## Variograms, Covariance functions and Stationarity

I just started a course on spatial statistics, so I’ve got covariance functions and variograms on the mind. This post is mostly for me to work through their intuition and relationship. Say you have some spatio-temporal process, with specific locations denoted , with the value of the process those points are . For concreteness, these locations could be latitude and longitude and the field could be the outdoor temperature. Or maybe the locations are the the space-time of a player on a basketball court and the field is her shot percentage or scoring efficiency from that point.

## Dealing with Reliability when Crowdsourcing

I recently read the paper “Variational Inference for Crowdsourcing,” by Qiang Liu, Jian Peng, and Alexander Ihler. They present an approach using belief propagation to deal with reliability when using crowdsourcing to collect labeled data. This post is based on their exposition. Crowdsourcing (via services such as Amazon Mechanical Turk) has been used as a cheap way to amass large quantities of labeled data. However, the labels are likely to be noisy. To deal with this, a common strategy is to employ redundancy: each task is labeled by multiple workers. For simplicity, suppose there are tasks and workers, and assume that the possible labels are . Define the matrix so that is the label given to task by worker (or … Read More

A common activity in statistics and machine learning is optimization. For instance, finding maximum likelihood and maximum a posteriori estimates require maximizing the likilihood function and posterior distribution respectively. Another example, and the motivating example for this post, is using variational inference to approximate a posterior distribution. Suppose we are interested in a posterior distribution, , that we cannot compute analytically. We will approximate with the variational distribution that is parameterized by the variational parameters . Variational inference then proceeds to minimize the KL divergence from to , . The dominant assumption in machine learning for the form of is a product distribution, that is (where we assume there are variational parameters). It can be shown that minimizing is equivalent … Read More

## It Depends on the Model

In my last blog post I wrote about the asymptotic equipartition principle. This week I will write about something completely unrelated. This blog post evolved from a discussion with Brendan O’Connor about science and evidence. The back story is as follows.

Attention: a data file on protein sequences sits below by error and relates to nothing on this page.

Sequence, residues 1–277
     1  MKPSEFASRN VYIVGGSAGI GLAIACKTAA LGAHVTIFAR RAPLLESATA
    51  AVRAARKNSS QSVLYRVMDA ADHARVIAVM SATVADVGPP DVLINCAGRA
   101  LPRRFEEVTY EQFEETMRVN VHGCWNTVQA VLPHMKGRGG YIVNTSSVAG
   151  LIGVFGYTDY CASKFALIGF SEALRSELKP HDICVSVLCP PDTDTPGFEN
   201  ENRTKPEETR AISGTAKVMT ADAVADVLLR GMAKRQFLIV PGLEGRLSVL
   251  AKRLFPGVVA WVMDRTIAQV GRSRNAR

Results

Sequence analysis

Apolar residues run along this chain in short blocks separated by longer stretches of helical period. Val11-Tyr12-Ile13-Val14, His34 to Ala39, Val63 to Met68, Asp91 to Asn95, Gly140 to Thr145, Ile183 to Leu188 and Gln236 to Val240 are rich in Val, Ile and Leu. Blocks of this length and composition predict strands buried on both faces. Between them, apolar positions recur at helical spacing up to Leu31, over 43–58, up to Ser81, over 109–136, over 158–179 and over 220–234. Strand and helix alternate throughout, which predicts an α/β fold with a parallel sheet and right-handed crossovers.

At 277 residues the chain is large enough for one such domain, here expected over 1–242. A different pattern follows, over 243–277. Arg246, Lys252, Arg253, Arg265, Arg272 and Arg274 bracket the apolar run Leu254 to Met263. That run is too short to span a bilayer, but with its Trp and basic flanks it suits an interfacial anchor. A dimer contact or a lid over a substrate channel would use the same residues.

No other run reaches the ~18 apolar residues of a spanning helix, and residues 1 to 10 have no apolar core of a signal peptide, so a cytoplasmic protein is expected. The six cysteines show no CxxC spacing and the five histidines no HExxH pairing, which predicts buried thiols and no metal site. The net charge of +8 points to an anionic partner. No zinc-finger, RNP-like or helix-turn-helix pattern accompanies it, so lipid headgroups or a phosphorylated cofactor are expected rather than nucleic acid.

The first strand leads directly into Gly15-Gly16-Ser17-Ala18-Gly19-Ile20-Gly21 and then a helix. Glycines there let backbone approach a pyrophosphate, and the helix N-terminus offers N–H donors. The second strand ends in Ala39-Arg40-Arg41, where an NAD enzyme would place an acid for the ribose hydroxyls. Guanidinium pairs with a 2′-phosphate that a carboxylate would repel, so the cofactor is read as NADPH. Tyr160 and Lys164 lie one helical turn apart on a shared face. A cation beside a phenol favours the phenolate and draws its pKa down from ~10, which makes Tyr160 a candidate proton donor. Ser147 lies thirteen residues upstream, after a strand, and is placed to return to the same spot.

## DPMs and Consistency

Jeff Miller and Matthew Harrison at Brown (go Bears!) have recently explored the posterior consistency of Dirichlet process mixture (DPM) models, emphasizing one particular drawback. For setup, say you have some observed data from a mixture of two normals, such as     In this case, the number of clusters, , is two, and one would imagine that as grows, the posterior distribution of would converge to 2, i.e. . However, this is not true if you model the data with a DPM (or more generally, modeling the mixing measure as a Dirichlet process, ).

## Unbiased estimators of partition functions are basically lower bounds

In machine learning, we often want to evaluate how well a model describes a dataset. In an unsupervised setting, we might use one of two criteria: marginal likelihood, or Bayes factor: the probability of the data, with all parameters and latent variables integrated out held-out likelihood, or the probability of held-out test data under the parameters learned on the training set Both of these criteria can require computing difficult high-dimensional sums or integrals, which I’ll refer to here as the partition function. In most cases, it’s infeasible to solve these integrals exactly, so we rely on approximation techniques, such as variational inference or sampling. Often you’ll hear claims that such-and-such an algorithm is an unbiased estimator of the partition function. … Read More

## A Continuous Approach to Discrete MCMC

Continuous problems are often simpler to solve than discrete problems. This is true in many optimization problems (for instance, linear programming versus integer linear programming). In the case of Markov chain Monte Carlo (MCMC), sampling continuous distributions has some advantages over sampling discrete distributions due to the availability of gradient information in the continuous case. The paper “Continuous Relaxations for Discrete Hamiltonian Monte Carlo” by Yichuan Zhang, Charles Sutton, Amos Storkey, and Zoubin Ghahramani explores the idea of performing inference in the discrete setting by deriving and sampling a related continuous distribution. Here I describe the approach taken in this paper.

## Bayesian nonparametrics in the real world

Bayesian nonparametrics allow the contruction of statistical models whose complexity is determined by the observed data. This is accomplished by specifying priors over infinite dimensional distributions. The most widely used Bayesian nonparametric priors in machine learning are the Dirichlet process, the beta process and their corresponding marginal processes the Chinese restaurant process and the Indian buffet process respectively. The Dirichlet process provides a prior for the mixing measure of an infinite mixture model and the beta process can be used as a prior for feature popularity in a latent feature model. The hierarchical Dirichlet process (HDP) also appears frequently in machine learning underlying topic models with an infinite number of topics. A main selling point of Bayesian nonparametrics has been that … Read More